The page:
Spakenburg, around 25,000 people, two bitter rivals a stone throw apart, a cult derby.

    If one only talks about money, you only want one club in a city. If you're talking about football as a passion you can have more on an amateur base or maybe even low profile pro clubs.
     
  12. CrazyJ628

    CrazyJ628 Member+

    Jul 16, 2007
    The center of the Earth
    Club:
    Real Salt Lake
    Do we really need to explain this to you again? Amateur soccer teams have zero following here outside of a few college teams. Amateur (high school and college) sports are a big deal here but not in soccer. Soccer isn’t that popular here but it’s growing.

    We have three pro clubs in Salt Lake alone (USL, MLS, NWSL). LA, NY both have two MLS teams and that’s not counting the USL teams and NWSL teams in those towns. Miami will have three pro men’s teams in the near future. Seattle, Portland, Houston all have multiple teams.
     
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  13. Expansion Franchise

    Chattanooga FC
    United States
    Apr 7, 2018
    So they let their stadium get condemned, the council renovated it and I'm supposed to feel sorry for them that they ran out of money renting another ground while the stadium they were responsible for getting condemned was being renovated on the public dime?
     
  14. Expansion Franchise

    Chattanooga FC
    United States
    Apr 7, 2018
    This ignores the fact that the history of pro soccer clubs in the U.S. is full of people buying franchise rights to their city and having a limited runway, not building up gradually over 15 years.
     
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  15. Paul Berry

    Paul Berry Member+

    Notts County and NYCFC
    England
    Apr 18, 2015
    Nr Kingston NY
    Nat'l Team:
    United States
    The vast majority of soccer teams in the US are and have been community based.
     
  16. Paul Berry

    Paul Berry Member+

    Notts County and NYCFC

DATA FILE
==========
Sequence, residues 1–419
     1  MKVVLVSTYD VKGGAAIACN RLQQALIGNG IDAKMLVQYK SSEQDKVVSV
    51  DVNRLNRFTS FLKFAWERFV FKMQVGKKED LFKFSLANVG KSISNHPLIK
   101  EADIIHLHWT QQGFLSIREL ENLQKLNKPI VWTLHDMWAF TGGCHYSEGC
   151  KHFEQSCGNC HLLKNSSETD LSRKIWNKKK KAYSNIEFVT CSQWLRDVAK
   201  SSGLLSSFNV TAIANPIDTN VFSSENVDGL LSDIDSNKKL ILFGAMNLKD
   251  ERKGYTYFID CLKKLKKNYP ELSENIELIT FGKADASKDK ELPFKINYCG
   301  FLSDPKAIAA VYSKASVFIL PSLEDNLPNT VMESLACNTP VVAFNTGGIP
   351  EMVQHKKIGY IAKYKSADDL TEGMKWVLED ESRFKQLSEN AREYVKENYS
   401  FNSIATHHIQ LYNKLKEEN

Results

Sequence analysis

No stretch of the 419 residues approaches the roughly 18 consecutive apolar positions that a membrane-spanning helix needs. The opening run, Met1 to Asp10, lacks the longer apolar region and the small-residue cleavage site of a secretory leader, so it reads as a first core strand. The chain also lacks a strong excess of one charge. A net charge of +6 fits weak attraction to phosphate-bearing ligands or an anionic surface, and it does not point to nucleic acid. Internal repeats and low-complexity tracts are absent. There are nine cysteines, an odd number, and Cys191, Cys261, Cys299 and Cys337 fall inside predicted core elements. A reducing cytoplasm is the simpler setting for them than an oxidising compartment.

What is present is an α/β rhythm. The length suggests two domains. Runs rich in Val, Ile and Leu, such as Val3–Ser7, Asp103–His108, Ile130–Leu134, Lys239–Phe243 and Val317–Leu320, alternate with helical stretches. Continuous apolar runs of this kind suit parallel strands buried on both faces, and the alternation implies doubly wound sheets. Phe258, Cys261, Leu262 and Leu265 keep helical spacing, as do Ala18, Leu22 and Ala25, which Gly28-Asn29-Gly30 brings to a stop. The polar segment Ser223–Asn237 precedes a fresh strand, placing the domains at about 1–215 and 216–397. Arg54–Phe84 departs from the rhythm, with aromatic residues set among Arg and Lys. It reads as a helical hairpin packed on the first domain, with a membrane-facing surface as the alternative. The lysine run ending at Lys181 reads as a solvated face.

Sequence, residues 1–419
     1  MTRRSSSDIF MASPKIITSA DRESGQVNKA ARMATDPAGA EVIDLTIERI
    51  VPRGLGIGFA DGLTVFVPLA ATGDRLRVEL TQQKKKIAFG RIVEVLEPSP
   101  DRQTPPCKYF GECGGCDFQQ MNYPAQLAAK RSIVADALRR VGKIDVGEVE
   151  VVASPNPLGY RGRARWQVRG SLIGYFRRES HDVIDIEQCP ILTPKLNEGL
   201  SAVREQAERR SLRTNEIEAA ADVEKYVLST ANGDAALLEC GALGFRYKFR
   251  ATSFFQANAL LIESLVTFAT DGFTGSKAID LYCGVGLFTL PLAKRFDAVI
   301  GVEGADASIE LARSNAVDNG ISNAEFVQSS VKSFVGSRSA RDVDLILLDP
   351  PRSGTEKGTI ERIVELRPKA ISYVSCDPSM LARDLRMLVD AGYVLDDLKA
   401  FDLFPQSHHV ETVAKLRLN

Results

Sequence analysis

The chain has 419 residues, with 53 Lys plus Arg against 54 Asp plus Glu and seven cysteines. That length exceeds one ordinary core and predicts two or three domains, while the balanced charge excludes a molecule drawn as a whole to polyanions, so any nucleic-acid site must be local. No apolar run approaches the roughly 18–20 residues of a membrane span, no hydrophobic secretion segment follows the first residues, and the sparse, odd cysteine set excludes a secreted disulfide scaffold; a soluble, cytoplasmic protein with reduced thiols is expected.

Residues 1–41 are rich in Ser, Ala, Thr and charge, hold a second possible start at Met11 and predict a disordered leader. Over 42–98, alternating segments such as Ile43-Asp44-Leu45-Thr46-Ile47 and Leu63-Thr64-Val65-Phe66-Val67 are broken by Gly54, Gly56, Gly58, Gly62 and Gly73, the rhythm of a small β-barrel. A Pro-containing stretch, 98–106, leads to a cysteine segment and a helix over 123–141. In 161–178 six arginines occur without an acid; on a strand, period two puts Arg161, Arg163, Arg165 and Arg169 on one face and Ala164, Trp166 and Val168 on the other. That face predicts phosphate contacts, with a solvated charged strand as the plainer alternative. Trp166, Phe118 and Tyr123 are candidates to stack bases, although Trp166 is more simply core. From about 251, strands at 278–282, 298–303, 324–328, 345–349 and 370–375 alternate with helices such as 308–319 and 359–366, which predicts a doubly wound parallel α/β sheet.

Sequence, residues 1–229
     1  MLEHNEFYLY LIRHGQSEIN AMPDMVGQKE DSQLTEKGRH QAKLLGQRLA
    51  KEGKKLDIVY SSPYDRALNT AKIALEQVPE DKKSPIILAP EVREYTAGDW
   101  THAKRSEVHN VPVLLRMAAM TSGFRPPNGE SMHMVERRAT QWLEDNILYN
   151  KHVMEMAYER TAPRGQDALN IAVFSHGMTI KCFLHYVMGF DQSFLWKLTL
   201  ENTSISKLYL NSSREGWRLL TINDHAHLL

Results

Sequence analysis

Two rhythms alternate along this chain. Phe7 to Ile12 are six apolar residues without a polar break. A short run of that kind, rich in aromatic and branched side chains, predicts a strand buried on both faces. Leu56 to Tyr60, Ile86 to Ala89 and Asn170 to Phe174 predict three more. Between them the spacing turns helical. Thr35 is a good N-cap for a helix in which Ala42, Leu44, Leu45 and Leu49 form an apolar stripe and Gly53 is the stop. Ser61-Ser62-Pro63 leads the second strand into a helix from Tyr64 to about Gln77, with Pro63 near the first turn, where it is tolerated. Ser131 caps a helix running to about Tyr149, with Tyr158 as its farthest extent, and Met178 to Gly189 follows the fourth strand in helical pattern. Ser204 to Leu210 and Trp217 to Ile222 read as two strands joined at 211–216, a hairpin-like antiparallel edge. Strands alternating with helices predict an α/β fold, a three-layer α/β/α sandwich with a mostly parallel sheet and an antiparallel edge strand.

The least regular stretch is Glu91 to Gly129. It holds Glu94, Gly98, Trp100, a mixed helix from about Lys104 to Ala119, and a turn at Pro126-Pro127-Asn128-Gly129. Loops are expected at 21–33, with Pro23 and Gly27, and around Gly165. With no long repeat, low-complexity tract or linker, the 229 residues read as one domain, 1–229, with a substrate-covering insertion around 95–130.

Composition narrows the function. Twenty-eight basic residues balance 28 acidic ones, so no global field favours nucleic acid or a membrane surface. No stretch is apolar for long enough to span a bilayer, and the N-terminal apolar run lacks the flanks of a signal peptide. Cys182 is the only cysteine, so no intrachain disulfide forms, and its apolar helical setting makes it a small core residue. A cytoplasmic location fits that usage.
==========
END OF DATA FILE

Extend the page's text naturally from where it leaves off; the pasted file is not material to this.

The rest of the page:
England
    Apr 18, 2015
    Nr Kingston NY
    Nat'l Team:
    United States
    The Cosmopolitan Soccer League in New York just wrapped up it's 96th season.

    It's open league has four divisions with promotion and relegation and a September-June season.

    I'm sure many of those teams play in close proximity and several probably share the same pitch.

    As you can see they've really engaged the community.



    The fans did all that?
     
  17. Expansion Franchise

    Chattanooga FC
    United States
    Apr 7, 2018
    Pro teams?
     
  18. Expansion Franchise

    Chattanooga FC
    United States
    Apr 7, 2018
    The fans did all what?
     
  19. JasonMa

    JasonMa Member+

    Mar 20, 2000
    Arvada, CO
    Club:
    Colorado Rapids
    Nat'l Team:
    United States
    At some point you just have to accept he's willfully choosing not to understand it and ignore him.
     
  20. Roger Allaway

    Roger Allaway Member+

    Apr 22, 2009
    Warminster, Pa.
    Club:
    Philadelphia Union
    Nat'l Team:
    United States
    The Cosmopolitan Soccer League of New York that Paul refers to, which was founded in 1923 as the German-American Soccer League, wasn't the only early amateur league in a major American city. Others included the National Soccer League of Chicago, founded in 1920, the Greater Los Angeles Soccer League, founded in 1902, the Philadelphia Cricket Clubs League, founded in 1902, and the National Association Foot Ball League of Northern New Jersey, founded in 1895.

    The first amateur leagues in the United States were the Western Football Association of St. Louis, founded in 1883, and the Bristol County League of Fall River, Mass., founded in 1884.